Without regard to where it may rank on the list of the most distracting and dangerous activities drivers engage in, there is no dispute that using a cell phone, sending or receiving texts, or trying to use hand-held devices while driving are high on the list. According to the National Highway Transportation Safety Administration (NHTSA), at any given moment across America, approximately 660,000 drivers are using or manipulating cell phones while driving.

There are three main types of distractions while driving:

  • Visual: The driver actually looks away from the roadway.
  • Manual: The driver temporarily removes his or her hands from the wheel.
  • Cognitive: The driver’s mind is taken off of driving and goes elsewhere.

 

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On July 28, 2008 Mai Leen Aguilar-Santos was injured in a car crash alleged to have been caused by the defendant, Helen Brine. On April 1, 2010 the lawsuit against Brine was filed by Mai Leen Aguilar-Santos seeking to recover damages for her injuries caused in the accident. Mai Leen claimed she sustained injuries to her neck, back and burns to her arm from the deployment of the airbag.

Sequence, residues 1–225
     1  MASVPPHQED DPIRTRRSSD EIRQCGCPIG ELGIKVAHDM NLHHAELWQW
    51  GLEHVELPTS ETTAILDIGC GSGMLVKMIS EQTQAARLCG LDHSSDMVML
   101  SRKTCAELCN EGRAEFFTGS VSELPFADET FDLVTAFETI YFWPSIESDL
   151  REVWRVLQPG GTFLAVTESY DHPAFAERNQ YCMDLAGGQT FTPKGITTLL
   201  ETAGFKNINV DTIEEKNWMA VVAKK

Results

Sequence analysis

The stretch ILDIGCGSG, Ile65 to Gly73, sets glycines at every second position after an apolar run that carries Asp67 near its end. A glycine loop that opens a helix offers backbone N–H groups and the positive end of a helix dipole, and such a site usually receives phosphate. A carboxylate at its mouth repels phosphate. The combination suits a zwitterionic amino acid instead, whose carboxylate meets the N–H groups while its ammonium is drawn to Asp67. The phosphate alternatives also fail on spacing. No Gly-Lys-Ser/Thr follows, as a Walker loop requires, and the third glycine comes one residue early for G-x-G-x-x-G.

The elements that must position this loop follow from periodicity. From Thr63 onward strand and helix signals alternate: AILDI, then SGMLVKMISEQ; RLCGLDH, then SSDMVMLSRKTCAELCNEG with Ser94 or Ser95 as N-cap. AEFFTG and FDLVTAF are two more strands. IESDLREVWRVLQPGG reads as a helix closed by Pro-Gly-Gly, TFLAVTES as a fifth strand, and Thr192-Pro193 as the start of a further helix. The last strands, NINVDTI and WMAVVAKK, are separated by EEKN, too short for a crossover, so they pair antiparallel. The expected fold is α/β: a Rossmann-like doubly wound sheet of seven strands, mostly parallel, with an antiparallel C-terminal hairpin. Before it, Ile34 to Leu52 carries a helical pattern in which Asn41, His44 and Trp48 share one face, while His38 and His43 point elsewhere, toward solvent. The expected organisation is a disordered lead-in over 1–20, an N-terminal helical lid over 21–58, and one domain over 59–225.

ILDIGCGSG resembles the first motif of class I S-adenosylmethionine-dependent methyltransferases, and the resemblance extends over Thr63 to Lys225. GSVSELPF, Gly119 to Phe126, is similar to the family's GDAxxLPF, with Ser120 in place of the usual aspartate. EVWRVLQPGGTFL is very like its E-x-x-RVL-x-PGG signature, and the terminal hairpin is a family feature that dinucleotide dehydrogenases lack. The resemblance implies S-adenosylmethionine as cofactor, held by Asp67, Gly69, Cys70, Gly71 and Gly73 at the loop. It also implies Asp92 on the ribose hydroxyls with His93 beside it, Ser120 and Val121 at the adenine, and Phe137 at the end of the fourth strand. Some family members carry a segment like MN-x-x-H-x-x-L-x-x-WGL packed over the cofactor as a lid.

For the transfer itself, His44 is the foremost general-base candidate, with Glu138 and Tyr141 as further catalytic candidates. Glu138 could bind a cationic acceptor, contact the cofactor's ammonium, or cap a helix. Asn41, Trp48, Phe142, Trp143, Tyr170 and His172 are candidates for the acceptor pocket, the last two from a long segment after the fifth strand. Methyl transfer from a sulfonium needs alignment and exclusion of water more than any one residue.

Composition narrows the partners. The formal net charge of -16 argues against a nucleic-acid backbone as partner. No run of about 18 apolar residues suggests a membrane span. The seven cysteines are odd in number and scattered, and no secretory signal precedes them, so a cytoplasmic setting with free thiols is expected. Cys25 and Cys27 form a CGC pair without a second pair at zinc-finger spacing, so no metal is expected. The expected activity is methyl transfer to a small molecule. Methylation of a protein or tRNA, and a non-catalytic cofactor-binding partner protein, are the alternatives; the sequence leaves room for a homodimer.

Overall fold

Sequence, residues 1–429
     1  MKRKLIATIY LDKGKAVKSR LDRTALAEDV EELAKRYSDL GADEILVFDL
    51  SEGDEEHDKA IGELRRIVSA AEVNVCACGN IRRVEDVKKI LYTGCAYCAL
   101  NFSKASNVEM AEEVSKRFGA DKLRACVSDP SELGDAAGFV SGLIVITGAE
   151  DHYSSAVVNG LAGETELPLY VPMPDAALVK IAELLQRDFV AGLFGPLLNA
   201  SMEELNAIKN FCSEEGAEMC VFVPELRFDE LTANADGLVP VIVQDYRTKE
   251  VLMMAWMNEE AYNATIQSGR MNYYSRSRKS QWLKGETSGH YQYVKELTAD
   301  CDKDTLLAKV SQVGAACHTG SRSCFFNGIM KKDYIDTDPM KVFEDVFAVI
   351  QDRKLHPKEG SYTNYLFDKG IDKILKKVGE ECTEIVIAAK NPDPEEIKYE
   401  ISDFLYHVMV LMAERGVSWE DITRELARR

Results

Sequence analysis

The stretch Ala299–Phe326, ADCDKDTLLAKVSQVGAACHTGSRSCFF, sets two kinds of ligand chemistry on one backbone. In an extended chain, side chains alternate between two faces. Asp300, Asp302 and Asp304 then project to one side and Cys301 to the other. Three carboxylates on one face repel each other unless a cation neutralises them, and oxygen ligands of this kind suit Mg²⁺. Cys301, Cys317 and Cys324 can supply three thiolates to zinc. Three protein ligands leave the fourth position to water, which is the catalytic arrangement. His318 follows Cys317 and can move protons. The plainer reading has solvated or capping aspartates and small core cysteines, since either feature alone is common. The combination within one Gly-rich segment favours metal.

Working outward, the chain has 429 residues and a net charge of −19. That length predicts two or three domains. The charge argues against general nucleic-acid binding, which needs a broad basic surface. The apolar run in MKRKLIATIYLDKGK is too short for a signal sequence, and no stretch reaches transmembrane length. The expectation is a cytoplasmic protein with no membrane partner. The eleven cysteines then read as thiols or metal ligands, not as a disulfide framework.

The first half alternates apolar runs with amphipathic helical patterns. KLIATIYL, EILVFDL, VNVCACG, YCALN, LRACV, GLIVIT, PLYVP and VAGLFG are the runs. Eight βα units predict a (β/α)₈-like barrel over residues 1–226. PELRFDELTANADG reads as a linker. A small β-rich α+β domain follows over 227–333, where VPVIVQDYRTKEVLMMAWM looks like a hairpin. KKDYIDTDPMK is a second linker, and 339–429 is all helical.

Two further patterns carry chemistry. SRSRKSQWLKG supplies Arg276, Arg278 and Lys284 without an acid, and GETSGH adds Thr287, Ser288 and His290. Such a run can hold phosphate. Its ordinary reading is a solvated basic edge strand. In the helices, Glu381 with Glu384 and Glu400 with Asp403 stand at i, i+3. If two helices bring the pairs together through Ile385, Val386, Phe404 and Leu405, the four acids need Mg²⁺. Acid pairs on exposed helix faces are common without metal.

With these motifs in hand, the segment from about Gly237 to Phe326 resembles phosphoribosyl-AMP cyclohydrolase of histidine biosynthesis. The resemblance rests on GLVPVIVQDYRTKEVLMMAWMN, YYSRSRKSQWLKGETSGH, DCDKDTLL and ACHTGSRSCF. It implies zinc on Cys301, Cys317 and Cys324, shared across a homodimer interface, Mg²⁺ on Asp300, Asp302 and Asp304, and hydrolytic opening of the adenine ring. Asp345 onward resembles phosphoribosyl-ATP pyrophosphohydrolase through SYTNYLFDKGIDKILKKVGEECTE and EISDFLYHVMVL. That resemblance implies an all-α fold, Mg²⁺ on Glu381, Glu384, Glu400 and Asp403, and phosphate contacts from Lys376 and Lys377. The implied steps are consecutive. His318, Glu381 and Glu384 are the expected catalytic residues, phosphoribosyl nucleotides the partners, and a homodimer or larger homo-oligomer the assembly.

Before trial, the court granted Mai Leen’s motion for partial summary judgment, finding that Brine breached her duty of ordinary care in causing the car collision. Brine then filed an amended answer admitting that her negligence was the proximate cause of Mai Leen’s injuries, but denied that the injuries she sustained in the accident were permanent. Two treating doctors provided trial testimony.

One doctor, Dr. Lim, an orthopedic surgeon, testified that Mai Leen’s injuries and symptoms identified in the medical records were caused by the accident. He said Mai Leen’s condition may deteriorate with age or treatment. Dr. Lim examined Mai Leen recently and testified that she required future and further medical treatment for her pain and problems related to the automobile collision. The other treating physician, Dr. Malek, testified that Mai Leen suffered a permanent injury. Dr. Malek had not seen Mai Leen for 15 months prior to his evidence deposition that was presented to the jury.

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A new law in Illinois prohibits employers from entering into noncompete contracts with employees who earn $13 per hour or less. The Illinois Freedom to Work Act (Public Act 099-0860) became effective on Jan. 1, 2017. The law makes it illegal for an Illinois employer to enter into a “covenant not to compete” contract with any of its “low-wage employees.”